‘Segmentation fault: 11’ almost always means the process ran out of RAM whilst trying to perform some operation/calculation. This would corroborate with your slow Mail due to the size of the database you're trying to process (or it's just corrupted in such a way).
It may also be worth checking your free disk space, since the VACUUM command specifically requires plenty of space:
The VACUUM command works by copying the contents of the database into a temporary database file and then overwriting the original with the contents of the temporary file. […] as much as twice the size of the original database file is required in free disk space.
How Mojave responds when an application tries to access this sensitive information; will it alert the user, block unsigned apps or what?
When an application attempts to access restricted directory the user will be prompted with a dialog box explaining the following information:
- What Application
- What the application is trying to access
- Option to Allow or to Not Allow access
Many applications will prompt for a folder or file selection. If you attempt to drag a folder from a restricted directory (from a normal finder window) into the
choose a file dialog box, the folder will open as a blank folder with the prohibited folder icon. This will not produce a request permission dialog box.
The exception to asking for access is Terminal. If certain Terminal commands attempts to access these directories they will be blocked automatically without a dialog box.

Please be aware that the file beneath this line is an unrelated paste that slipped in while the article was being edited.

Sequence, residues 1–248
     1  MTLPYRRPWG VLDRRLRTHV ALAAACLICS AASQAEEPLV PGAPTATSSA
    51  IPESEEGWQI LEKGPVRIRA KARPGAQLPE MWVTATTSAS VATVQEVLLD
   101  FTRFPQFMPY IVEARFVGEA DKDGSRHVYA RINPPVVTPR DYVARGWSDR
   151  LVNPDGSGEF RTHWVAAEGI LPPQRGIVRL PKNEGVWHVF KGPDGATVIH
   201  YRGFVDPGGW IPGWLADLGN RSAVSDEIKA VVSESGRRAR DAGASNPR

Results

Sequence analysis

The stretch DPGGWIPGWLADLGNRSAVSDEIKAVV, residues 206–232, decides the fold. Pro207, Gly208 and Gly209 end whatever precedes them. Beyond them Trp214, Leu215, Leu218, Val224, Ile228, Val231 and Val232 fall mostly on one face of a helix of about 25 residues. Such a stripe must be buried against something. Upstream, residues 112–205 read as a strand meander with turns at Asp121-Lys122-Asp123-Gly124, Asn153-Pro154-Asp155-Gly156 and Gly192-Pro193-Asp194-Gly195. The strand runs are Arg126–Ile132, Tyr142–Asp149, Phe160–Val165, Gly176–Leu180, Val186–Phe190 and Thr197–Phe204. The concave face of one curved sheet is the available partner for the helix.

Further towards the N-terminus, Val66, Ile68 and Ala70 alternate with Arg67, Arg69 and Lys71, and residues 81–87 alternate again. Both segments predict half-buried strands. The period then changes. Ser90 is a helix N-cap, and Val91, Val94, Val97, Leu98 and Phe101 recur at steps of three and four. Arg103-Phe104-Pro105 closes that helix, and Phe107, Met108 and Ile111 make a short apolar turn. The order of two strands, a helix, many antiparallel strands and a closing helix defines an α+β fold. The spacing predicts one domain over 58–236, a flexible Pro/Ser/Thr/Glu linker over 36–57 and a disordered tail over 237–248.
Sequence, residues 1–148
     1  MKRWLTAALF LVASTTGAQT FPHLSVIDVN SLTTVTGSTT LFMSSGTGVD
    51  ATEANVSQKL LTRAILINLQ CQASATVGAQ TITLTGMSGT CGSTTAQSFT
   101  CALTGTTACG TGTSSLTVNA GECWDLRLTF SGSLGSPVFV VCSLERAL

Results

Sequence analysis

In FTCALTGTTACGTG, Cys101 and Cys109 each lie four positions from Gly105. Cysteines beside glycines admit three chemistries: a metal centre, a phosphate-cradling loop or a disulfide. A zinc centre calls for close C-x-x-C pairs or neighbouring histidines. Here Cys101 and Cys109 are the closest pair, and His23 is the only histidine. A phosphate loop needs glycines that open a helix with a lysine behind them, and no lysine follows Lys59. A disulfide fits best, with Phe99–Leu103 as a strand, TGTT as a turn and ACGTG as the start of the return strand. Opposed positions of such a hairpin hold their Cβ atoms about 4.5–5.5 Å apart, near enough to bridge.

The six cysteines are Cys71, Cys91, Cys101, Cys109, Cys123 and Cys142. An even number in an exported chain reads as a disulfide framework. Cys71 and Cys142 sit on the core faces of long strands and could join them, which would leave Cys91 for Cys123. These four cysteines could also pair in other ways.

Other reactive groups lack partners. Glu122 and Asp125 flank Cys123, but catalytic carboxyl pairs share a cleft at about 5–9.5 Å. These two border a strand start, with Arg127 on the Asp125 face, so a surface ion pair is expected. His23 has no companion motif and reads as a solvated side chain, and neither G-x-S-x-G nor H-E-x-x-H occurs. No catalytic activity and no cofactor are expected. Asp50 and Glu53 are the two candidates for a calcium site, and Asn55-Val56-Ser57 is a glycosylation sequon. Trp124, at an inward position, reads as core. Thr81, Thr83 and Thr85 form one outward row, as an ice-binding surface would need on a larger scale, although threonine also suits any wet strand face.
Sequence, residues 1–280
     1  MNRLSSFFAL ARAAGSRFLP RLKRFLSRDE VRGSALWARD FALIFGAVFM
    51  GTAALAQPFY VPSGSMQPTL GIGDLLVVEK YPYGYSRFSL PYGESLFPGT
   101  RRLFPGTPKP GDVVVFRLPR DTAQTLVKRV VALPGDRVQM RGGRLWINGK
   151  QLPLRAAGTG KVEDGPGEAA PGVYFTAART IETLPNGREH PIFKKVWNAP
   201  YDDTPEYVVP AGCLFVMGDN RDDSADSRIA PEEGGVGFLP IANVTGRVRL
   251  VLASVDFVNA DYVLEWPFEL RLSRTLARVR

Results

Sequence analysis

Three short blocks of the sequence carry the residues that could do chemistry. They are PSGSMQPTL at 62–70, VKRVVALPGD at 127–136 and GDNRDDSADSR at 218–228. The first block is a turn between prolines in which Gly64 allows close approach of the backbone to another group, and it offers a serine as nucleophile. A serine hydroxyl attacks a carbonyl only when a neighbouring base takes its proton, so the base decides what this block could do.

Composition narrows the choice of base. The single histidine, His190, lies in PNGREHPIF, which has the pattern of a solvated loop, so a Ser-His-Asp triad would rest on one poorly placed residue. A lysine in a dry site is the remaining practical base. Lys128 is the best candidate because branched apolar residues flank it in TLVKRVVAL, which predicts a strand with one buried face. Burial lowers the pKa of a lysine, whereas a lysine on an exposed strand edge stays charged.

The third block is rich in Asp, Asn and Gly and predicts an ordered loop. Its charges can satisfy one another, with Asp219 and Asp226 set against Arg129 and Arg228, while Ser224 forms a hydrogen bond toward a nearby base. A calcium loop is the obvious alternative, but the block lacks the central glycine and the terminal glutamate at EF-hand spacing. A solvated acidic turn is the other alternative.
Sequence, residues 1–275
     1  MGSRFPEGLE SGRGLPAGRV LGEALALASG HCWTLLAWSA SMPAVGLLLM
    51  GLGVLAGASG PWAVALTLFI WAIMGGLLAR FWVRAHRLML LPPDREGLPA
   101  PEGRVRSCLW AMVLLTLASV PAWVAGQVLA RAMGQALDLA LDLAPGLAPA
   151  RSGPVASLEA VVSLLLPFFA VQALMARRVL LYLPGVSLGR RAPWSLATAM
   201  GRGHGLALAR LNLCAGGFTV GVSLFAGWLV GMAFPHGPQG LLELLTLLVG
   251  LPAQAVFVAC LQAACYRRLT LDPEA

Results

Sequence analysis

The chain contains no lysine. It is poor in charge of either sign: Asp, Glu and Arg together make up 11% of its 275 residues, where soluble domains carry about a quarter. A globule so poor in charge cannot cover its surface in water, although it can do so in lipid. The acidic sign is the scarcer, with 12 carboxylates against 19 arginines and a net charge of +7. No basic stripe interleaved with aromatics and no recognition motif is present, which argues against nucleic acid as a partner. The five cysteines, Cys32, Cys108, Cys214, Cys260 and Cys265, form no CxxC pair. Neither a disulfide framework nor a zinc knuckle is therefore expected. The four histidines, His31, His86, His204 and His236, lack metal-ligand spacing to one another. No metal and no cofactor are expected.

$ sudo cp -r ~/Library/Messages/ ~/Desktop/test
cp: /Users/[User]/Library/Messages/: unable to copy extended attributes to /Users/[User]/Desktop/test: Operation not permitted
cp: /Users/[User]/Library/Messages/: Operation not permitted
When attempting to use the zip command the directory is ziped up, recursively, until the blocked directory at which it will appear to be empty.
$ zip -r ~/Desktop/imessage.zip ~/Library/Messages/
Screenshot taken of finder after unzipping (~/Desktop/imessage.zip) and opening. As you can see it is empty.
If you would like to add exceptions to give certain apps unrestricted permissions this can be done in System Preferences.
- System Preferences>Security & Privacy>Privacy
- Unlock if needed
- Select type of permission
- Location Services
- Application Data (Includes Message data, Mail data, etc.)
- Click the
- Select your app
- Press Add
Note: The application will have to be restarted for changes to take effect.
Warning: Adding terminal will give all terminal commands access.
I was having this issue and solved it before posting the question. I was also having other quirky permissions issues within Terminal after upgrading to Mojave.
I stumbled upon this and thought I would share here, since I don't normally consult the more casual Mac user pages: Fix Terminal “Operation not permitted” Error in MacOS Mojave
Basically, you need to add Terminal.app to have Full Disk Access within System Preferences -> Security & Privacy -> Privacy tab.